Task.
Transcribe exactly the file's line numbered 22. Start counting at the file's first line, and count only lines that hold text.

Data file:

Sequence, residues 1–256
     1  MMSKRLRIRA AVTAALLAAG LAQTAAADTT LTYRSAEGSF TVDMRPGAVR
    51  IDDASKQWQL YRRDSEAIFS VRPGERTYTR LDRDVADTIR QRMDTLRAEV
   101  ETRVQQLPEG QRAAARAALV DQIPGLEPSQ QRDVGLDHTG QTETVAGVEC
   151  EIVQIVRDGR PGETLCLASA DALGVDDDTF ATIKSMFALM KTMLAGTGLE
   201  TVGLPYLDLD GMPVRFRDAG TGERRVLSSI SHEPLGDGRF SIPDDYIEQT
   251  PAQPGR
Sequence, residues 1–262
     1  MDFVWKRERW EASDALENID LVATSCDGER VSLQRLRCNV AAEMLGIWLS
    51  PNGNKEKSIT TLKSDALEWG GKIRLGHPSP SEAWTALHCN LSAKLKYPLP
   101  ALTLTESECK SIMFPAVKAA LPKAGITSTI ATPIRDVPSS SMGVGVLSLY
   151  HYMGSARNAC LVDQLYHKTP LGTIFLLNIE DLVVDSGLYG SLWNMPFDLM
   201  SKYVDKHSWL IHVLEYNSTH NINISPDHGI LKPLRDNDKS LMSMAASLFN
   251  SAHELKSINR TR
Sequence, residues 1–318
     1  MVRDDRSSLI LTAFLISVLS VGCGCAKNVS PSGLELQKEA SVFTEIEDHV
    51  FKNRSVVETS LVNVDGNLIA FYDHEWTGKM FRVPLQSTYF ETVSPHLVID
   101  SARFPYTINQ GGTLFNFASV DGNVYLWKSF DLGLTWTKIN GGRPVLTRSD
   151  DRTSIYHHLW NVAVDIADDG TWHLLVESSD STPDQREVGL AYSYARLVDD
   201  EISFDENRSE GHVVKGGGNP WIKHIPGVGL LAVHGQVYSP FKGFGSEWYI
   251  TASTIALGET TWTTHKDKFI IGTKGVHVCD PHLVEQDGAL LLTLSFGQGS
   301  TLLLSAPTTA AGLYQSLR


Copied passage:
   301  TLLLSAPTTA AGLYQSLR